Now I don’t know why it works for me. Maybe it appeals to the left side of my brain, maybe I just like process, or maybe it just works. But I highly recommend it to any senior executive whose inboxes control them rather than the other way around. If they can get it working (and you do need to work at it for a couple of months) I can guarantee they will feel more productive, less stressed and more in control.

In fact, I think there’s such a big internal market for this I’m considering offering one-on-one coaching to H&K’s elite.

Social media influence cannot be measured

22 May 2009

A few different projects have got my mind focused on influence this week. The first is planning the research design for the centrepiece of my book on social media in B2B (can we measure the influence that social media platforms have on the different staging of the B2B buying cycle?). The second is connected with our cooperation next month with Twitter at the Cannes Lions.

In both contexts I am reaching the conclusion that influence cannot be measured, and thus is a futile metric for exploration. Sure, you can ask people how much influence something has or has had, but do they really know? And what is influence anyway? In my mind it is a power that makes someone do something, not a property that any individual possesses. Invariably when an individual does have influence, it is only over a specific thing. Even the most influential people in the world (politicians, one could argue) have no influence over whether I will buy a Sony or a Panasonic television this weekend.

In a public environment, you might (just) be able to attempt to measure influence by looking at people’s networks, the re-communication of their utterances, but to me this is just reach. Someone who says something that reaches 100,000 people is no more influential than someone who reaches just 100, if all of the latter act on that communication but none of the former do.

In short, influence needs to be measured in context and at the receiving end not the transmitting end. That is not something you can do by looking at their blog posts, tweets or Facebook profile.

So do we continue to try and measure things that cannot be measured, or do we measure things that can be measured and can give us as marketers comparisons that we understand.

I think it’s the latter.

Calling all business marketers

24 April 2009

Not content with burning myself out last Christmas finishing my first book, Enterprise 2.0, I have just signed a contract to write my second. And this time on an even shorter timescale!

For this next title, I’ll be focusing on consumer marketing’s ugly step-child, business-to-business marketing – and specifically the application of social media principles to what has in many cases becoming a rather formulaic aspect of the communications mix. Yet when you consider that roughly one-third of searches on Google are business-to-business in nature and more than 50% of Google’s and 39% of Yahoo’s advertisers are business-to-business companies, then the importance of the Internet in the purchasing cycle cannot be overstated.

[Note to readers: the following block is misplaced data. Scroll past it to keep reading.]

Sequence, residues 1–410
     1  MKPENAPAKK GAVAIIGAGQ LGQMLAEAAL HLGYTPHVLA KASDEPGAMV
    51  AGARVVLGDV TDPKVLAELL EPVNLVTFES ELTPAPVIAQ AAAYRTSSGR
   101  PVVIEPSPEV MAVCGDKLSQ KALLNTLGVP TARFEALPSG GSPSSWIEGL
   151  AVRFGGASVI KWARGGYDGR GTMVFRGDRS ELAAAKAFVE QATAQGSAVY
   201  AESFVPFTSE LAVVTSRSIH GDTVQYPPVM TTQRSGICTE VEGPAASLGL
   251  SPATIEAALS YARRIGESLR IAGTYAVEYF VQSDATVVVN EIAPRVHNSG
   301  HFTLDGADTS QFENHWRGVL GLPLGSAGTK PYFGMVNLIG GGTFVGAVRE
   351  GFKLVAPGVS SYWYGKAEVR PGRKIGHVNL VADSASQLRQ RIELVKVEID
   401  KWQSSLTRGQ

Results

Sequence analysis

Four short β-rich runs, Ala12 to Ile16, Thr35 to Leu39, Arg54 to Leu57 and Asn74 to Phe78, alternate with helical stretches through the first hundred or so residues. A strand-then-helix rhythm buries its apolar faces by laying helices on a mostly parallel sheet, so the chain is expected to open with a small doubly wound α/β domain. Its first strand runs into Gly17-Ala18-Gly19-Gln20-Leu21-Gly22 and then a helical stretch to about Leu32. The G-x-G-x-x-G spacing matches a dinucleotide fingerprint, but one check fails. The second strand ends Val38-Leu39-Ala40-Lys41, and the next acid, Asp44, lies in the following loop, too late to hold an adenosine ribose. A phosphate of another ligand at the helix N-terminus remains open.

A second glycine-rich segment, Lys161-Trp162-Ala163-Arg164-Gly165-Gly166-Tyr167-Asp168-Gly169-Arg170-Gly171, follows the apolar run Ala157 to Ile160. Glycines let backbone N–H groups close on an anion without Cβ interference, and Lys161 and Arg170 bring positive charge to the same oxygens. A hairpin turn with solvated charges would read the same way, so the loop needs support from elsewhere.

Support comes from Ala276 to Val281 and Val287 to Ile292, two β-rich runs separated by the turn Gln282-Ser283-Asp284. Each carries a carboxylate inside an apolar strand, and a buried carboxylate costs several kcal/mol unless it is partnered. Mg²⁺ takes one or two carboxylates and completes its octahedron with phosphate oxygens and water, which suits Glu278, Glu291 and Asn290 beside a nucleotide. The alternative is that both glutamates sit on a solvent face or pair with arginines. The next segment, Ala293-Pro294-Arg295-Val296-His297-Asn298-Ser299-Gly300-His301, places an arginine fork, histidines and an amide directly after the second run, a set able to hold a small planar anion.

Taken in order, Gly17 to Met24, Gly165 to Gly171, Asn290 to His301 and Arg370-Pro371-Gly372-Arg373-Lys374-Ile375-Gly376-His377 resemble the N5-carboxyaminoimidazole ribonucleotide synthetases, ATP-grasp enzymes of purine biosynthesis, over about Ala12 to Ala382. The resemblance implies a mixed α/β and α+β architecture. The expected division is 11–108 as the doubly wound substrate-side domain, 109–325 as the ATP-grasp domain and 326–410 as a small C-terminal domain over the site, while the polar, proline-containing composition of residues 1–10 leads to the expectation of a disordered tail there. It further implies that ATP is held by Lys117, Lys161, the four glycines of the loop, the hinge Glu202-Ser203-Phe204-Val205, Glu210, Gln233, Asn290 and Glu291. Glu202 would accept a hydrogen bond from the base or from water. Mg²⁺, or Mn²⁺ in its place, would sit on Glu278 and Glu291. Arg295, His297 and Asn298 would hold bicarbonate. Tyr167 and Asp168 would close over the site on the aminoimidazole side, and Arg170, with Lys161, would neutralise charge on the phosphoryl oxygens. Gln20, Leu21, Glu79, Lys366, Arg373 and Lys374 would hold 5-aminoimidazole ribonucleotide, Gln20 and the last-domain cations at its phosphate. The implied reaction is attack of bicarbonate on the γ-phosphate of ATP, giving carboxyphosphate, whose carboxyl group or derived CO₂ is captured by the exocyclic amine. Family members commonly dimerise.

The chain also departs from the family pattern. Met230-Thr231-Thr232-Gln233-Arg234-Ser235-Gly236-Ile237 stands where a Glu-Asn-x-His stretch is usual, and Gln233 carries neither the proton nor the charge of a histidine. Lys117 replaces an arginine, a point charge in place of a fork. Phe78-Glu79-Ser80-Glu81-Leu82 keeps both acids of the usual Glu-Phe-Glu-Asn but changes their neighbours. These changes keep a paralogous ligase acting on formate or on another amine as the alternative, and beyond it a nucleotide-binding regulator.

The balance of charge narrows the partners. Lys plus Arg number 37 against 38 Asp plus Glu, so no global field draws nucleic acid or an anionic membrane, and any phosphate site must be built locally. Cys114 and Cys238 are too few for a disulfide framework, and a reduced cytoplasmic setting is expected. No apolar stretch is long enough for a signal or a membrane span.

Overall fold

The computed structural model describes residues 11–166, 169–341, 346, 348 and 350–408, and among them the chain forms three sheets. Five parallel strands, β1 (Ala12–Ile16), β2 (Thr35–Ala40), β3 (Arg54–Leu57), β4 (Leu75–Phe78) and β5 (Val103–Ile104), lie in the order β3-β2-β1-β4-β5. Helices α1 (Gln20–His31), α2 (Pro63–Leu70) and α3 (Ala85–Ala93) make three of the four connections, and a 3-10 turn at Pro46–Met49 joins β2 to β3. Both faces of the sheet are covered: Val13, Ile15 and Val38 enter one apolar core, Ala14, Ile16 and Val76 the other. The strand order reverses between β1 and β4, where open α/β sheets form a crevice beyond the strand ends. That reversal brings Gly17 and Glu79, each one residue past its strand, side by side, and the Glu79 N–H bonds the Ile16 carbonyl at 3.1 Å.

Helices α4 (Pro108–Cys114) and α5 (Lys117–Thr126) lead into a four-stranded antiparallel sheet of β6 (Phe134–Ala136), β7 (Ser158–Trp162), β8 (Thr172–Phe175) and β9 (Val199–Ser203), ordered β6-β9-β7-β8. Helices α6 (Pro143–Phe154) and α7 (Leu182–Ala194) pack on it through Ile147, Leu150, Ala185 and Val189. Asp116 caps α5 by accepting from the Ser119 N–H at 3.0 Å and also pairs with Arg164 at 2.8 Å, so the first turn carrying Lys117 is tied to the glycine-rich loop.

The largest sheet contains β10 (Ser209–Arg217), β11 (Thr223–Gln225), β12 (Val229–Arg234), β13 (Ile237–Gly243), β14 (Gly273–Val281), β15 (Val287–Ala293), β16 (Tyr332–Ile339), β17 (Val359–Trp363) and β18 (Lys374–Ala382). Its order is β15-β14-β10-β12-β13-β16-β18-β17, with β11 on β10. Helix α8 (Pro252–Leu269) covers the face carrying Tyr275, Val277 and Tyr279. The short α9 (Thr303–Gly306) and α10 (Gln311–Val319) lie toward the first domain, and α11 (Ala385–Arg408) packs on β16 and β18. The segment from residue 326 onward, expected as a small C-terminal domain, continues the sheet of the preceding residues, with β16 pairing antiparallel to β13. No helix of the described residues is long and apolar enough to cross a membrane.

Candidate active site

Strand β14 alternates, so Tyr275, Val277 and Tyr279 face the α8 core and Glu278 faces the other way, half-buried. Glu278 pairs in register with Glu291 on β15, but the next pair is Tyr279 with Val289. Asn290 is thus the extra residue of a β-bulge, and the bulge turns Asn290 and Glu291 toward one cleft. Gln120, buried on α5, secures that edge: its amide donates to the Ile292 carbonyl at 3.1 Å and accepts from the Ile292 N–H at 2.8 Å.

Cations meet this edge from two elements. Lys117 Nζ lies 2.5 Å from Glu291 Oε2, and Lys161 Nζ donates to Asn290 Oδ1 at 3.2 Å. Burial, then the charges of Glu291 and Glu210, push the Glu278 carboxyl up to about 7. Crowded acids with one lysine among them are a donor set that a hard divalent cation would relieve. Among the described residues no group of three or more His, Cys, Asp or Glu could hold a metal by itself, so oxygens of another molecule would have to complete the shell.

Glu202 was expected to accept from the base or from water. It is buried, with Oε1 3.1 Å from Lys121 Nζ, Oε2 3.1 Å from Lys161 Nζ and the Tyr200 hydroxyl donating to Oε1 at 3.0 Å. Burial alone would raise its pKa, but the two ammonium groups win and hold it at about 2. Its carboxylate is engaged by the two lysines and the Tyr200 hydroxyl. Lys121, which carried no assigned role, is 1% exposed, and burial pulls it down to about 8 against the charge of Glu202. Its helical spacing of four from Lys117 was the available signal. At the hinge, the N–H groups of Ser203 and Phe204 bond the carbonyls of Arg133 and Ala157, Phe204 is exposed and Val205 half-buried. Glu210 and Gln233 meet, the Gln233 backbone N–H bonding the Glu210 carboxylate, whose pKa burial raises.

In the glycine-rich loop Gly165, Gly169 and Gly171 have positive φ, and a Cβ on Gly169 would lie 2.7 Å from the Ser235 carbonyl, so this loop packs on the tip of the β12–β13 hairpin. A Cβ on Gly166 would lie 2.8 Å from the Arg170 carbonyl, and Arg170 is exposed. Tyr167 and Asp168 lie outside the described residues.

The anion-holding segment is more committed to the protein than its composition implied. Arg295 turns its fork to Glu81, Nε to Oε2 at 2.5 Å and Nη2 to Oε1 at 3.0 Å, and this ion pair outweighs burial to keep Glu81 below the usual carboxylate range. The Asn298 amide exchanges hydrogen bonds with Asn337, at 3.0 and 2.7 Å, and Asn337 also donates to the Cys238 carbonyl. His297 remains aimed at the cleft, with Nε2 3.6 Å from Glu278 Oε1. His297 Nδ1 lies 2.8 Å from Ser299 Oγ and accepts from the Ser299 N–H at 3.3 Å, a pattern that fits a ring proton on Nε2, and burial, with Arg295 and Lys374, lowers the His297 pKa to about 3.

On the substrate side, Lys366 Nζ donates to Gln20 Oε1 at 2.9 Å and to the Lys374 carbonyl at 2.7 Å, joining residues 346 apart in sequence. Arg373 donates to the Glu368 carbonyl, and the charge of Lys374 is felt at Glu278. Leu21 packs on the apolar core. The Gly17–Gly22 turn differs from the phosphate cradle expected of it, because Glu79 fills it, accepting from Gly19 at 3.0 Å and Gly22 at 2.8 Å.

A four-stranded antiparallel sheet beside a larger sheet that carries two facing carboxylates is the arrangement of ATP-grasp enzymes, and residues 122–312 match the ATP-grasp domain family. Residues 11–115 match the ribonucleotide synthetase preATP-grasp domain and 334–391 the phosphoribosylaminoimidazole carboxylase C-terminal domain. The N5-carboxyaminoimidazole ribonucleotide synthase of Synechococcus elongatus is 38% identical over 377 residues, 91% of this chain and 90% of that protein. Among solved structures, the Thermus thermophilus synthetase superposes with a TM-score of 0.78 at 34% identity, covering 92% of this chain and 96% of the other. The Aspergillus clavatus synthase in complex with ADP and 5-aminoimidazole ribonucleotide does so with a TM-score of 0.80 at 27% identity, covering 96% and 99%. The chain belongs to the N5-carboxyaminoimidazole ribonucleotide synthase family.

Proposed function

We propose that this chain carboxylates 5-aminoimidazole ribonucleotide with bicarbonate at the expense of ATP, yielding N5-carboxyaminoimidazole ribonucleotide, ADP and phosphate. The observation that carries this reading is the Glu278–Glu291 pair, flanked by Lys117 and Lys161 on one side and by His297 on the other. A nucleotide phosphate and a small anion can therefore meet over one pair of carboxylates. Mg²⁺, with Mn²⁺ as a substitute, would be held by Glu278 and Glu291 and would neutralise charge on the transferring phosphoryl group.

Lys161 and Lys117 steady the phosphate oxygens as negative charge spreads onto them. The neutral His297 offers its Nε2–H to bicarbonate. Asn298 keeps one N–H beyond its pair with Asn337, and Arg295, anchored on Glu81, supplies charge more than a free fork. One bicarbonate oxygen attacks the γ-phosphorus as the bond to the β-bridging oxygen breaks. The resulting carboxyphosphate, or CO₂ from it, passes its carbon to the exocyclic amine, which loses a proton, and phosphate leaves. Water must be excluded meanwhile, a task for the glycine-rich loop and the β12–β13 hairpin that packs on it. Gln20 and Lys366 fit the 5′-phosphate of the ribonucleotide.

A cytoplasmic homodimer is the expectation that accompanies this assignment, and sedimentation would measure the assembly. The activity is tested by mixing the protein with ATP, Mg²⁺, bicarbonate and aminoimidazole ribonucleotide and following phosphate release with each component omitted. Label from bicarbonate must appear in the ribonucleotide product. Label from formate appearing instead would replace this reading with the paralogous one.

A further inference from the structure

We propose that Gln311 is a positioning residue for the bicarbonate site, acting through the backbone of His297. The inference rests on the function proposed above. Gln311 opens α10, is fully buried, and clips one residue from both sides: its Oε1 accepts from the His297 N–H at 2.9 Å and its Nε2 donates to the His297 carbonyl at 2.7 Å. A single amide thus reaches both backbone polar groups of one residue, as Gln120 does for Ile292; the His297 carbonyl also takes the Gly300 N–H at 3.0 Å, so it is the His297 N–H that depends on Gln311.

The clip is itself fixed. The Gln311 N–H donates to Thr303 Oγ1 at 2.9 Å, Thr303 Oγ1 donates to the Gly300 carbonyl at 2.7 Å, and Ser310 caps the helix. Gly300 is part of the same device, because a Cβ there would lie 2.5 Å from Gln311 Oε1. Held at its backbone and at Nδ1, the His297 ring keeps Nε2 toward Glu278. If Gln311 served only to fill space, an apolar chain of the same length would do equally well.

It follows then that it is no longer an option for business-to-business marketers to dismiss social media as a consumer craze, and my aim with this book is to raise the profile of successful business-to-business use of social media and help companies discover, select, integrate, exploit and measure these techniques as part of an integrated marketing strategy.

Wish me luck! And if you have any great stories of business-to-business social media marketing you would like to share, please feel free to comment.

Here comes the recession… and B2B spam!

07 April 2009

Spam is obviously a fact of life these days, but I can’t help but notice a subtle increase in the amount of unsolicited email hitting my work inbox.

And it’s not just the quantity that is grabbing my attention, but the content too.

You see, this isn’t the usual Viagra or Rolex material but people – I’m guessing salespeople – desparately trying to hit their lead generation quota.

Now I have every sympathy for anyone trying to make a decent living in such uncertain times, but sending unsolicited and untargeted email actually has two effects on me.

Firstly, it’s annoying. Business-to-business marketers think they can get away with email marketing tactics that have been pretty much outlawed for self-respecting business-to-consumer equivalents. Even in this market (the UK) there are some gaping loopholes that allow emails marketing products and services to other businesses a free ride. If we don’t have a relationship that I initiated, then you shouldn’t be sending my email. Period.

Secondly, it’s irrelevant. By casting your net wider I pretty much guarantee that your response ratio will drop. I have no plans to review my developer headcount (none suits fine, right now) or upgrade my IP telephony. Just because your product might save me money doesn’t mean I’m going to be hitting that reply button.

Business-to-business marketing needs to learn a few lessons from its consumer marketing brethren, and realise that its market is in control when times get tough. And that means spending less time selling, and more time listening.

The language of the web

11 March 2009

This is a topic I am just starting to explore, so bear with me. I have a couple of hypotheses to play with:

  1. The distribution of languages used for content – especially in social media – does not correlate with the distribution of languages of internet users (see chart below).
  2. The prevalance of non-English languages online is much higher than most English speakers think.

Discuss.